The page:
'On a scale of 1-10, where 1 is extremely dissatisfied and 10 is extremely satisfied, how would you rate your overall satisfaction with company x?'
To measure dissatisfaction, a point on this scale is selected and all results at or below that threshold are counted as dissatisfied customers. For example, in this case if we were to select 3 as the threshold, the dissatisfaction metric would be the percentage of respondents who scored the question 1, 2 or 3.
Looking at the score distributions in image 1, which is based on a sample of 100, we can see that, if CSAT was calculated as a straight average of all the responses, the results would be 60.3%. The proportion of respondents who scored 1-3 comes in at 20%. As with any satisfaction research the Dissatisfaction score could be expanded by examining drivers to highlight areas for investment and action.
Why is it important to consider Dissatisfaction?
Apart from representing a fresh take on CSAT, there are a number of reasons why companies should consider their most disenfranchised customers. Firstly, dissatisfaction is more emotive and these are the customers who are most likely to be vocal in expressing their displeasure, whether that is through word of mouth to friends or family, commenting on social media or providing a poor review online. Such activity is damaging to a brand and impacts a company's bottom line, though that impact itself is more challenging to measure.
|A further consideration is that in some cases|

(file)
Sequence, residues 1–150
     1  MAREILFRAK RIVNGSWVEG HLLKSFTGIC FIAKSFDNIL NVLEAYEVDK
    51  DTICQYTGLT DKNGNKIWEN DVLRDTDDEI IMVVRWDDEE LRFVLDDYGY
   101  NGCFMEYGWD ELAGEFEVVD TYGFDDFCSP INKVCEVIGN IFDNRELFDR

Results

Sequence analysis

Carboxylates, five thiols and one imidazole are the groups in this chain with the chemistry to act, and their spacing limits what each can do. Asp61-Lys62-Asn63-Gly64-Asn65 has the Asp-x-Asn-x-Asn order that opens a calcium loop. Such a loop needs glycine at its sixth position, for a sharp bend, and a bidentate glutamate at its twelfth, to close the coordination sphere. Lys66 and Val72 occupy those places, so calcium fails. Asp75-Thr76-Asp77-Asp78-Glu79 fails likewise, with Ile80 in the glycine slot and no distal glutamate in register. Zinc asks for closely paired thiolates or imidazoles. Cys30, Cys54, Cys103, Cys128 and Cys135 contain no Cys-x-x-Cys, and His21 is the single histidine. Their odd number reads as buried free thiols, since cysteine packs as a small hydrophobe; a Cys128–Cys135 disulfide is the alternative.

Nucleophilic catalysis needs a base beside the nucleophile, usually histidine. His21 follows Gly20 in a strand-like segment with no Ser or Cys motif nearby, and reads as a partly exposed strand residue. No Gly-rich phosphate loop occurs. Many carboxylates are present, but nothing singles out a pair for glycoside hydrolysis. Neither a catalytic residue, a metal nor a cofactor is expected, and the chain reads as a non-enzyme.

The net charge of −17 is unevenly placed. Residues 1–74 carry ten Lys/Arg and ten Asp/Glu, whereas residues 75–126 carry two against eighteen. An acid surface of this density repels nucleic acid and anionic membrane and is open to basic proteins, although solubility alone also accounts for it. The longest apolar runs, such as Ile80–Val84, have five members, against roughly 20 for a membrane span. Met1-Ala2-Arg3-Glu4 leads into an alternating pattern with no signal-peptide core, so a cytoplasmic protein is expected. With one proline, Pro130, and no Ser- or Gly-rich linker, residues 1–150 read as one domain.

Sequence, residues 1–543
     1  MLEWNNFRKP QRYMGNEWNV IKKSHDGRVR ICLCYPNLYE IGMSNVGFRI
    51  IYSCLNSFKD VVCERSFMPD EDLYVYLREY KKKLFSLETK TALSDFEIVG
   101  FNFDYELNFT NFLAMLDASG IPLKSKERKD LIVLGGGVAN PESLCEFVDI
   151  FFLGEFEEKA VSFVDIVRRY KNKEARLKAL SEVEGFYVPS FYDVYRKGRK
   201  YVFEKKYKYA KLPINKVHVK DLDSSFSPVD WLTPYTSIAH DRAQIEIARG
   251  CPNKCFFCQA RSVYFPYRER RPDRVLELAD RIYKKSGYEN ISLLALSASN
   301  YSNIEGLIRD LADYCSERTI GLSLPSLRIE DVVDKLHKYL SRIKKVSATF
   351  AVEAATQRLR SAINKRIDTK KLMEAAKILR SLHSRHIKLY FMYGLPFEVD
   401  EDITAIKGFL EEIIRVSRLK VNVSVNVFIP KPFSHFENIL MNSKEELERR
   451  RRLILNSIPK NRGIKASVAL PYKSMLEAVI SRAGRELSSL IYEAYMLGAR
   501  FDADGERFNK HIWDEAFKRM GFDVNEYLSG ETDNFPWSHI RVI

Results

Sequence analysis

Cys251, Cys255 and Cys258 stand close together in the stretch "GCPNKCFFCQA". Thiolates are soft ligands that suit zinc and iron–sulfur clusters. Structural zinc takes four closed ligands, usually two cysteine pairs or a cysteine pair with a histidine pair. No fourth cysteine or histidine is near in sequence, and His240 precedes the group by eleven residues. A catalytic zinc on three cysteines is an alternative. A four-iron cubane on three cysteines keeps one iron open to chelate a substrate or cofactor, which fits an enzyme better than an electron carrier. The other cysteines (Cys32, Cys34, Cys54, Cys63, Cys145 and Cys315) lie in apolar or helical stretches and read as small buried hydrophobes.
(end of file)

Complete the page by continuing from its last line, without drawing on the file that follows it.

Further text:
|may be easier and less costly to improve the|
|satisfaction levels of these low scoring customers|
|than it is to increase the scores of the proportion|
|of the customer base which is already satisfied,|
|particularly if satisfaction has begun to plateau.|
|In order to do this, fundamental customer needs|
|have to be met. For instance, if a hotel chain|
|failed to provide clean sheets or clean towels for its guest it would generate|
|dissatisfied customers, but taking the relatively straightforward steps to ensure|
|these items were placed into each room would have a correspondingly noticeable|
|positive impact on dissatisfaction levels (assuming all other things were equal).|
Characteristics of dissatisfied customers include anger, stress, frustration, irritation and unhappiness. Clearly, no business should be aiming for these as part of their customer interaction and introducing dissatisfaction as a KPI can make this an area of focus which, in turn, can have a positive impact on customer satisfaction. By only focusing on CSAT, a company runs the risk of ignoring its dissatisfied customer base and not taking action against the points which cause damage to a business. Addressing dissatisfaction lessens this damage and reduces the number of detractors while also helping a company increase overall satisfaction levels.
By addressing dissatisfied customers, important lessons can be learnt which can aid growth.
Contact us to find out more.